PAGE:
Keep in mind, grain futures prices are not near record levels, and you also could make an argument that these prices are not higher in nominal values vs bull market runs of the past. If you did any inflation adjusted look backs in 2012 or 2008 or further back, we aren’t close to bull markets of the past. However, as you perceive that, keep in mind, this is encouraging production elsewhere as end users start to substitute or look elsewhere. Will the US produce 170, 180 or 185 bushels per acres of corn? There is so much to keep in mind.

There are geopolitical concerns almost everywhere, Taiwan, the Middle East, Ukraine, the list goes on and on. However, there is also a big one which we’ve been dealing with for over a year which is the continuing spectre of Covid. It’s not over, but health experts in the United States, Canada and other parts of the world are saying we’re getting to a better place. Regrettably in places like India and other places in the third world, it remains a big problem. In a post Covid world, which we are promised, big economic growth numbers will follow, which should be good for grain demand. The hard part is getting there and with Covid numbers still very bad in Ontario, this thing remains a puzzle in so many ways.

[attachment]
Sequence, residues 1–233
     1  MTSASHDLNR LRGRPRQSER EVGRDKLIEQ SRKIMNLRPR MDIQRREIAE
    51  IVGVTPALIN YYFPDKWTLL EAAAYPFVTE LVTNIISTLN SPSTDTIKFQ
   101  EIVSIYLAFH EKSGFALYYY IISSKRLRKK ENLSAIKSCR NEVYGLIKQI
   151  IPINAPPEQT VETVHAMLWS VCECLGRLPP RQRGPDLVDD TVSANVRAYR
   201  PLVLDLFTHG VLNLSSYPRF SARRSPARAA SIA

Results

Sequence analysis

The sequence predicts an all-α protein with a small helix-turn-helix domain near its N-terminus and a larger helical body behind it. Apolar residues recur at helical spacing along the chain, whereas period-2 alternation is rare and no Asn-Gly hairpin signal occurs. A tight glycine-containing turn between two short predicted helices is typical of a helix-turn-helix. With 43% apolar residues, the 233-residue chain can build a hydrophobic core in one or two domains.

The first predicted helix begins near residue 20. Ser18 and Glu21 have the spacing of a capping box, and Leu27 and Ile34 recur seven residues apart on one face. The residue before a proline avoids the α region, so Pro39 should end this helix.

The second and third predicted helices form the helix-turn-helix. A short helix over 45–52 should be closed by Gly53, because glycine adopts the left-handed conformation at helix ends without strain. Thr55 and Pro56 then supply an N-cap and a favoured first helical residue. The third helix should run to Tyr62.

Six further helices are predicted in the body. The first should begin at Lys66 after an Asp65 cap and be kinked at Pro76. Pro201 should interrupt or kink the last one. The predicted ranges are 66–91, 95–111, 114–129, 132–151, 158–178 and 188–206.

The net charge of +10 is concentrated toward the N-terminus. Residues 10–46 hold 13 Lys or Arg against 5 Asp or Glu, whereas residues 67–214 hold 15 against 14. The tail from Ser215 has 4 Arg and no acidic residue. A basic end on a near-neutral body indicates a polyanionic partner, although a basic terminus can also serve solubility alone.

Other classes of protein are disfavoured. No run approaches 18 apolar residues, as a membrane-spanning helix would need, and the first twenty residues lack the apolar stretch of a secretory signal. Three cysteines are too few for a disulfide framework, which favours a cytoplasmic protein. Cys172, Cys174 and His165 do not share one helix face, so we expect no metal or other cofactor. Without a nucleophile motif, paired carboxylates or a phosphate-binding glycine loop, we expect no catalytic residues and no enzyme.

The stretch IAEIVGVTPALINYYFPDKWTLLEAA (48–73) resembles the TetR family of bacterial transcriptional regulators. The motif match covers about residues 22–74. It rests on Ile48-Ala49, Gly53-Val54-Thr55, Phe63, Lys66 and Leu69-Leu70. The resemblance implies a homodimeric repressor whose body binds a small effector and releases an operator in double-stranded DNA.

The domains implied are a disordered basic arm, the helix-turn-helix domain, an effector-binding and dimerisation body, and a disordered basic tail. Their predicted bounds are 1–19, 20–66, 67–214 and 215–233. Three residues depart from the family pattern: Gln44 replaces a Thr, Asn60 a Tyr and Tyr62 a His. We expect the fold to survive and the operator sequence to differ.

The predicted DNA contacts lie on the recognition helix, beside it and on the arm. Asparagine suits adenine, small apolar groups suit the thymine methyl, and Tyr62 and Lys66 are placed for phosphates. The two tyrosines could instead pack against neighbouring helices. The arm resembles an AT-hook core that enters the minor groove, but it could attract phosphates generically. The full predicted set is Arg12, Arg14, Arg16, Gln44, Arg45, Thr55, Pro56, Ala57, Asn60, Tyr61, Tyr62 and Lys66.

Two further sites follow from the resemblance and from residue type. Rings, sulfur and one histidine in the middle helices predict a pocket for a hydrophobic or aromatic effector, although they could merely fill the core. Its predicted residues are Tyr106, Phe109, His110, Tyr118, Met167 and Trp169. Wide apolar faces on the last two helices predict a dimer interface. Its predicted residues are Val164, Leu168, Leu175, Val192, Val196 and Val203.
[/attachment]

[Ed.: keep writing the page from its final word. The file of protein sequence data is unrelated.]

Did you take risk off the table? How could you not at these elevated price levels?0- However, it’s a challenge as nobody knows what grain prices will do. All we can do is immerse ourselves in market factors and the make the best marketing decision for our farms. As I’ve said many times, risk management never gets old. Clearly, 2020/21 is a different time, a place where we got here with our eyes wide open. Profitability is never a bad thing on the farm. As we move ahead, daily market intelligence will remain key. There will be many marketing opportunities ahead.